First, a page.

>> And while it is not correct to say Chinese soldiers are responsible for the crackdown, it cannot be said that the Nepalese soldiers weren’t ordered by the Chinese government.

    I am sorry Brian, I don’t think that argument flies. Nepal is an independent country, not China’s puppet. China is not the master where it can just pull strings to make it do things the master pleases.

    By the way, Indian police did similar things.

    Finally, a little anecdote: I donate money to Overseas China Education Fund, an organization that support children’s education in poor regions like Xinjiang, Gansu, Tibet, Qinhai, and Sichuan. As a result, I’ve seen newsletters and field reports from the students we supported. I’ve seen pictures of Tibetan children learning their language in school. Tibetans, in fact all minority groups, are not subject to the one-child policy. Young minority kids also get preferential treatment to college admission, among other benefits, which I full-heartedly support.

  3. Developed countries I would agree with. But Japan is not Western. In the article from Australia, it quotes the Japanese PM who says China bears a lot of the responsibility. This isn’t the only source with his quote.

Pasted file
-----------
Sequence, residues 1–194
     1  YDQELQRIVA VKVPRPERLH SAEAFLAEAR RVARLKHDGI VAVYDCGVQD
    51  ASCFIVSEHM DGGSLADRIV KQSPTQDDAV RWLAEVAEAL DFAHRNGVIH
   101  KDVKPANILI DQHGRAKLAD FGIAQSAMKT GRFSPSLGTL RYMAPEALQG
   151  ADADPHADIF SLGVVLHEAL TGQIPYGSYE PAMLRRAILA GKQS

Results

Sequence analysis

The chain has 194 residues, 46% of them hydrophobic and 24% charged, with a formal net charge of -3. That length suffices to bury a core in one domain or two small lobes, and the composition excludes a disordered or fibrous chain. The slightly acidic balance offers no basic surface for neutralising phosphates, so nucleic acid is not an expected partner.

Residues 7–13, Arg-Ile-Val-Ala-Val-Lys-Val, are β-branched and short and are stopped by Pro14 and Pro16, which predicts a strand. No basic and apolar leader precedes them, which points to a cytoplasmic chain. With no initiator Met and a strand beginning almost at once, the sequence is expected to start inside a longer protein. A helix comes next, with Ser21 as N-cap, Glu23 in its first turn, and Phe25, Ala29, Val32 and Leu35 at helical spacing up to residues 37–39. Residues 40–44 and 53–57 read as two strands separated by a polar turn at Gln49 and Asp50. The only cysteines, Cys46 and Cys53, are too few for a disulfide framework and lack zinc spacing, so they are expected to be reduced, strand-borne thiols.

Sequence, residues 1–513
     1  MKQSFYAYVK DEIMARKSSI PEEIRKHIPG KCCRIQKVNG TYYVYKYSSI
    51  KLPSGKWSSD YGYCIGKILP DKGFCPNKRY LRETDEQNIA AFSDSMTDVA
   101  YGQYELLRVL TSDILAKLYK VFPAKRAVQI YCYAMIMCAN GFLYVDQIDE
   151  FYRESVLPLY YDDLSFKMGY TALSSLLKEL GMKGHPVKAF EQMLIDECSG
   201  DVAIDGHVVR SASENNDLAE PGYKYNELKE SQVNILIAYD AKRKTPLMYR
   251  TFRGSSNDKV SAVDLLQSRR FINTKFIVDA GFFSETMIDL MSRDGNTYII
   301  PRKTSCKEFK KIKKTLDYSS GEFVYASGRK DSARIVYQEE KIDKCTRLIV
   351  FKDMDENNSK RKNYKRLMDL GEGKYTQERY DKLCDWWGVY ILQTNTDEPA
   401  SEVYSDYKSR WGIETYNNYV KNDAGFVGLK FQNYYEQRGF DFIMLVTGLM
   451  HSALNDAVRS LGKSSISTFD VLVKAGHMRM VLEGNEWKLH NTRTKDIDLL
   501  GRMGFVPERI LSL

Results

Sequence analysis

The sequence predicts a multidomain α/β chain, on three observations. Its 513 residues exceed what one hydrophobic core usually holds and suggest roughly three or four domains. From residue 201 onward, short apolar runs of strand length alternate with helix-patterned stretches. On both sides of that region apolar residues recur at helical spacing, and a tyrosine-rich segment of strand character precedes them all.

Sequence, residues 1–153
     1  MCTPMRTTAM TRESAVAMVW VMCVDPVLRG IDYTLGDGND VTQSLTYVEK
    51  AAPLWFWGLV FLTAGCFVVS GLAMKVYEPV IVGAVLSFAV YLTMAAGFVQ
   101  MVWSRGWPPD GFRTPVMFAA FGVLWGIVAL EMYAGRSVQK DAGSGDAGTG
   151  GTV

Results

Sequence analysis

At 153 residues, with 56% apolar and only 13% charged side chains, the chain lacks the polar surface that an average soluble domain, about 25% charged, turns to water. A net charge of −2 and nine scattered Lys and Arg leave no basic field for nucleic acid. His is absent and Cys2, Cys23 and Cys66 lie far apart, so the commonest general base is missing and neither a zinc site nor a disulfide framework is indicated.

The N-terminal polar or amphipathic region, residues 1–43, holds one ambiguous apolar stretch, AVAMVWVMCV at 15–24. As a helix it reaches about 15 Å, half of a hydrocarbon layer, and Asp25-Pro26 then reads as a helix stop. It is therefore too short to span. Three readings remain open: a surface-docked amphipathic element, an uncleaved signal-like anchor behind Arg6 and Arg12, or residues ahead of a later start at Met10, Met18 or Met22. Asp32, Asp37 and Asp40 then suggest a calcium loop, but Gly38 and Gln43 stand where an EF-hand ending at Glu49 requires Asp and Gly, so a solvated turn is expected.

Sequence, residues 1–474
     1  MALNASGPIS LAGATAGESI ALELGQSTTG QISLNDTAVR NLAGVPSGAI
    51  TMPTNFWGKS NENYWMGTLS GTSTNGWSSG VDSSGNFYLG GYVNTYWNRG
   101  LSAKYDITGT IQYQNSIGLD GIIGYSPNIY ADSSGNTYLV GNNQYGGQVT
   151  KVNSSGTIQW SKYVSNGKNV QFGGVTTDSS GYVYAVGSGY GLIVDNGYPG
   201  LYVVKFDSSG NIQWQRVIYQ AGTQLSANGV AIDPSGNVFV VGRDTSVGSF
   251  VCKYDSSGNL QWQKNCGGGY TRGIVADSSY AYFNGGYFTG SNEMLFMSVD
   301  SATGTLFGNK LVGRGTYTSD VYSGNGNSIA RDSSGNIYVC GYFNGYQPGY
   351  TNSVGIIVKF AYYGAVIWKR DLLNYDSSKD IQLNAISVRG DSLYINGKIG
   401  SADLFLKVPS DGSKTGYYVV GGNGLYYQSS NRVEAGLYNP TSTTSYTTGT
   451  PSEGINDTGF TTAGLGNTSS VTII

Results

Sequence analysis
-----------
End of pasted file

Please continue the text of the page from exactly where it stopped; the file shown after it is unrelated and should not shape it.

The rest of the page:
I didn’t point to others to indicate a strength in numbers, just to indicate it wasn’t just the US media. The US media seems unusually biased, even about things it should have no real opinion on.

    As for autonomy, I disagree with you, Nepal really doesn’t have it. The Eastern Bloc were technically autonomous from the old U.S.S.R., but they really weren’t, so long as the U.S.S.R. was strong. This was shown with the numerous times objection to the Soviet Union was put down. This is the situation with Nepal now as Nepal greatly relies on China for aid. Therefore, if China tells it to take a stand, it must seriously consider doing so or risk losing China’s aid. Now it’s not just China and the former U.S.S.R. that plays this game. Just about every country that has ever had significant influence over another has, including and especially the US. But China is weighing in with the situation in Nepal: